These events really began to receive heavy media attention with the death of Michael Brown at the hands of Officer Darren Wilson. Brown was an unarmed black male and Darren Wilson is a white male. Riots began as a result of Officer Wilson having been cleared of all charges of the civil rights investigation, and it was determined that he had fired in self-defense. Citizens of Ferguson, the city where the event occurred, and all over the U.S., were outraged at the ruling. More events like this continue to happen since then and people are beginning to more frequently protest and riot in the streets of major cities.

Out of the aftermath of the event and others like it came the organization of the group, Black Lives Matter (BLM). The group speaks out and protests the alleged systemic racism toward African-Americans, primarily from law enforcement officers. BLM has also fallen under its own scrutiny in recent history. Some claim that BLM is a violent group that has created a war with America’s law enforcement. One example of this is the 2016 massacre of officers in Dallas, Texas. Five officers were murdered and seven more were wounded by Micah Xavier Johnson, a black male and military veteran. Allegedly Johnson was motivated to commit his killing-spree by the beliefs spread by BLM and by the media attention of police racism. Whether or not this is true cannot be confirmed, as Johnson perished after a stand-off with law enforcement personnel.

As the spotlight is more and more often on police officers, many of them feel as though their hands may be tied when doing their jobs, or that they must walk on egg-shells. Often officers will interact with minority members of the populace and they will have dozens of people standing by and filming with cameras or smartphones, just waiting for the officers to do something wrong so that they can post the videos on the internet. Another result of the increasing ridicule of law enforcement is the step-up in various forms of community policing.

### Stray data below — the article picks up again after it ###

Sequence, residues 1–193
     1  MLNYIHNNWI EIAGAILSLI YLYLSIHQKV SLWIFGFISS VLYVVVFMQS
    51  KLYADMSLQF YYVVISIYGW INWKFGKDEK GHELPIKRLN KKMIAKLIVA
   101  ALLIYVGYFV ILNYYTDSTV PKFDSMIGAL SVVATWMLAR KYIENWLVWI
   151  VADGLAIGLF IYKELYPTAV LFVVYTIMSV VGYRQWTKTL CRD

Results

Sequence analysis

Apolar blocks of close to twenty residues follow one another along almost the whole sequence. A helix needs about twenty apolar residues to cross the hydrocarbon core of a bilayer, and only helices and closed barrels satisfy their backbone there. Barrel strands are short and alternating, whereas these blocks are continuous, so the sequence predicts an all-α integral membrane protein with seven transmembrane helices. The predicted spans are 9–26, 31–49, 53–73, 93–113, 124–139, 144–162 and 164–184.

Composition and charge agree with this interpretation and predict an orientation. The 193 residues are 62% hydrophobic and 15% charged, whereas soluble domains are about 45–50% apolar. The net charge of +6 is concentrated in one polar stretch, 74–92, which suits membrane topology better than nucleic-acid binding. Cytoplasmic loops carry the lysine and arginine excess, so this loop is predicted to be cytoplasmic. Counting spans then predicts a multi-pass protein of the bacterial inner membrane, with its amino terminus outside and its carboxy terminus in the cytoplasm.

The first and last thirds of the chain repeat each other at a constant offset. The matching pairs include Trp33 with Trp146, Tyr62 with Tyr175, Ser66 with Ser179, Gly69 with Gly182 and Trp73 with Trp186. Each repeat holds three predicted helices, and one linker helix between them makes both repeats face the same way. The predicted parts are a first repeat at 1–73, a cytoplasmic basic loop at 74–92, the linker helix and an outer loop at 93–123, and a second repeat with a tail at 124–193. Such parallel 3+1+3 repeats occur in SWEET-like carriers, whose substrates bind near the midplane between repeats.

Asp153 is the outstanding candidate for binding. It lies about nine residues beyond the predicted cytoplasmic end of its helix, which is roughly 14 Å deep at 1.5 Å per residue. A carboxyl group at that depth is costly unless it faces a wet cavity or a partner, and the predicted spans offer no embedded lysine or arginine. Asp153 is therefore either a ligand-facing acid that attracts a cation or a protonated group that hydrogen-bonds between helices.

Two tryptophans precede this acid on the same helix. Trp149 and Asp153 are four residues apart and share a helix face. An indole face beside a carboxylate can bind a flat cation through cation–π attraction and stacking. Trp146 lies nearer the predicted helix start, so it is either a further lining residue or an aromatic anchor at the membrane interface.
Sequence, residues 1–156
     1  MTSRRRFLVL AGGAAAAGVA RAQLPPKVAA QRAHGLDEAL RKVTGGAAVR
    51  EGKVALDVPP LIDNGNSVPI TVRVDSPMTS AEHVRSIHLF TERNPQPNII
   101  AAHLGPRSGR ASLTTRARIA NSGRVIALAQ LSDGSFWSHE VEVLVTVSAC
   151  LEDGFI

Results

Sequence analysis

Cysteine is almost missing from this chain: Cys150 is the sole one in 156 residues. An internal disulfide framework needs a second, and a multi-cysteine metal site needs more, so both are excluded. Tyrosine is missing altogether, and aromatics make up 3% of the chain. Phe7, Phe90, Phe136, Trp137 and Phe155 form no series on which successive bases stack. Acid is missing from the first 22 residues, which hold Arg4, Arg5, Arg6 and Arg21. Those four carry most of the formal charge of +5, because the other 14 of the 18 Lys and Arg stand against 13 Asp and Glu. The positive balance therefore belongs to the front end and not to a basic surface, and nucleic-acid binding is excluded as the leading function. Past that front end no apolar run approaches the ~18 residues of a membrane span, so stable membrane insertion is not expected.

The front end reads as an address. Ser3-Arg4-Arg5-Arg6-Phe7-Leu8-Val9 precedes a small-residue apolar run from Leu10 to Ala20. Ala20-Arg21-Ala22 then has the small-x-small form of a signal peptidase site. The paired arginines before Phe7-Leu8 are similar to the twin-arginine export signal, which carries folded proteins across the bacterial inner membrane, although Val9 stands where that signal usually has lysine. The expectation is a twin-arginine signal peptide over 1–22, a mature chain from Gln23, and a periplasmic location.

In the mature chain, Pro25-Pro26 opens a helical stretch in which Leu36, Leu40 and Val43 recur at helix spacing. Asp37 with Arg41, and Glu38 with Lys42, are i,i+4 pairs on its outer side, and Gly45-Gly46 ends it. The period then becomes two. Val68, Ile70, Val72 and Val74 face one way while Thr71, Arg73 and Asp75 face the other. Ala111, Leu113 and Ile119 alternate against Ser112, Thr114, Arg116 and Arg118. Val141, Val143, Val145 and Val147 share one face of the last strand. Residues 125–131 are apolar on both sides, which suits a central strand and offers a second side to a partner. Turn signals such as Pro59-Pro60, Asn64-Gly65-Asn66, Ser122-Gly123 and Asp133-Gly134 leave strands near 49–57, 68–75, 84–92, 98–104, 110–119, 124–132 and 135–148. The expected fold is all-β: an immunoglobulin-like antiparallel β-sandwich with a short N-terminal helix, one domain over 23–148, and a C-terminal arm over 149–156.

Many officers genuinely want to develop a better relationship with their communities and attempt to do things that will “humanize the badge”. Better police-community relations are beneficial for multiple reasons. A community that trusts their police is more likely to aid them in reporting crimes or participating in witness testimonies. One good example of a new community policing approach is the recently viral trend, “The Lip Sync Challenge”.

Officers who participate in the challenge film themselves while on duty lip syncing and dancing to popular songs and then upload them to social media formats. Overall the response from the public seems to be mostly positive, although there are those who feel like officers are wasting tax-payer dollars while filming said videos. Either way tensions are still high, and law enforcement has a long way to go to repair the damage that has been done from both sides; the populace and the police agencies.